Gambling and the Poor

Gambling is not the “painless” tax that gambling promoters like to claim. Rather, it is a highly regressive form of taxation that thrives by inducing false hopes among the financially destitute. Government’s multibillion-dollar annual take from gambling activities comes disproportionately from the pockets of America’s poor. This has been most clearly evidenced in numerous statewide studies of lottery behavior over the last couple of decades. However, as casinos, racetracks and the like are made more accessible, it has become increasingly clear that all forms of gambling prey heavily on those with meager financial resources.
• A 1996 Mississippi State University study found that poor Mississippians living in counties with casinos lost a far greater percentage of their income in the casinos than did wealthier gamblers. Gamblers earning less than $10,000 per year lost about 10 percent of their family income to casinos, while those earning more than $40,000 spent only about 1 percent of their earnings on casino gambling. (William Rivenbark and Don Slabach, “Who Pays to Play? Voluntary Tax Incidence and Mississippi Gaming,” Mississippi State University, the John C. Stennis Institute of Government, July 1996, p.33.)

• In a 1994 survey, 50 percent of Wisconsin casino gamblers reported an annual household income below $30,000.(William Thompson, Ricardo Gazel and Dan Rickman, “The Economic Impact of Native American Gaming in Wisconsin,” Wisconsin Policy Research Institute Report, April 1995, p.23.) (Note: The median income in Wisconsin that year was $35,400.(U.S. Bureau of the Census. Statistical Abstract of the United States: 1996 (116th edition) Washington, DC, 1996, p.465.))

• A study of 1,800 Minnesotans in state-run gambling treatment programs found that 52 percent had yearly incomes of $20,000 or less. The study also discovered that the amount of debt, as a proportion of income, was highest among the poorest gamblers seeking treatment. (Pat Doyle, “Compulsive Gambling Hitting Poor Hardest, New State Study Says,” Minneapolis Star Tribune, July 25, 1997, p. 1B.)

• University of North Florida researchers reported: “Gambling expenditures in Las Vegas indicate a regressive pattern for gambling taxes because the percentage of household income devoted to gambling falls consistently as income rises.” For instance, Las Vegas casino gamblers with household annual incomes of less than $10,000 lost 3.25 percent of their income to casino gambling. Those with annual incomes between $50,000 and $60,000, by comparison, lost only .8 percent of their income to the casinos. (Mary O. Borg, Paul M. Mason and Stephen L. Shapiro, “The Incidence of Taxes on Casino Gambling: Exploiting the Tired and Poor,” American Journal of Economics and Sociology, July 1991, pp.323-332.)

• Seven percent of Illinois casino gamblers surveyed reported annual incomes below $10,000. Half of these individuals reported losing at least $1,900 to the casinos in the previous year. (Better Government Association, “Statement of J. Terrence Brunner, Executive Director,” November 3, 1995.)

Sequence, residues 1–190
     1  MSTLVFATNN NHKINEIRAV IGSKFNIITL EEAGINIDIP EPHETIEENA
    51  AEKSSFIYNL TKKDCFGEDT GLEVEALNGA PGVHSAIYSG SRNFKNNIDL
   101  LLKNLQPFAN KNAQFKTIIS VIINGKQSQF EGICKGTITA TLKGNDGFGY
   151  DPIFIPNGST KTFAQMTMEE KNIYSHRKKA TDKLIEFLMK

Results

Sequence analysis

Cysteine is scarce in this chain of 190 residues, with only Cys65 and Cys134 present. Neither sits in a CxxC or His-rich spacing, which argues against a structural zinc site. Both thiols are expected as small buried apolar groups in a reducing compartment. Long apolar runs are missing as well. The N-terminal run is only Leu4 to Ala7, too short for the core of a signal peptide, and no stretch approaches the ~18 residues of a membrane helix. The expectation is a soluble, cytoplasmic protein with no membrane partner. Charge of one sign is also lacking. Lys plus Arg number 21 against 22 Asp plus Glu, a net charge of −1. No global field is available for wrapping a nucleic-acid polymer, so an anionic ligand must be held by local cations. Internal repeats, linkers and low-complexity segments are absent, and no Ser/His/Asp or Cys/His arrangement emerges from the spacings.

• The 32 Colorado counties with the highest per-capita lottery sales all have per-capita income levels below the state average. (Genevieve Anton, “Money Bet on a Miracle,” Colorado Springs Gazette Telegraph, August 25, 1996, p. A1.)

• In New York, those living in the most impoverished areas of the state spent eight times more of their income on lottery tickets than did those living in the most affluent sections. (Ford Fessenden and John Riley, “And the Poor Get Poorer …,” Newsday, December 4, 1995, p. A7.)
• Almost half (49 percent) of California lottery players have household incomes below $35,000. (Jennifer Warren, “Bill Would Force Lottery Winners to Repay Aid,” Los Angeles Times, March 23, 1997, p. A3.)

• The three poorest counties in New Mexico all rank among the state’s top 10 counties in per-capita lottery sales. New Mexico’s wealthiest county accounts for the fewest lottery ticket purchases per resident. (Carla Crowder, “N.M. Lottery Costs Rank High,” Albuquerque Journal, April 27, 1997, p. A13.)

• An Associated Press survey of Wisconsin lottery purchases found that residents living in the poorest neighborhoods in the state spent, on average, four times as much of their income on lottery tickets as did those in wealthier neighborhoods. (Lottery Claims Bigger Slice of Poor’s Income,” Chicago Tribune, May 26, 1995, sec. “News,” p.3.)

• A University of Louisville study showed that Kentuckians with annual incomes less than $15,000 spent $9.23 per week on lottery tickets, while those earning above $35,000 spent only $7.36. (Sheldon Shafer, “Blacks and Poor Spend More Money on Lottery, Study Says,” Louisville Courier-Journal, June 29, 1994, p. 1B. (Note: Based on weeks in which respondents played the lottery.))

• A Texas A&M study found that the lowest-income group of Texans, who earn only 2 percent of the state’s total income, provide 10 percent of the lottery’s revenue. (Crystal Humphress, “Survey Shows Poor Lose More to Lottery’,” Dallas Morning News, March 10, 1994, p. 16A.)

• Research among Maryland’s largest counties revealed that per-capita lottery sales are highest in the state’s poorest county, while the richest county has the lowest per-capita lottery sales. (Blaine Harden, “Addiction: Are States Preying on the Vulnerable?,” Washington Post, March 4, 1996, p. Al.)

• The 1976 U.S. federal gambling commission found that the poorest Americans spend three times as much of their income on gambling compared to the wealthiest Americans. (Commission on the Review of the National Policy Toward Gambling, “Gambling in America,” 1976, p.65.)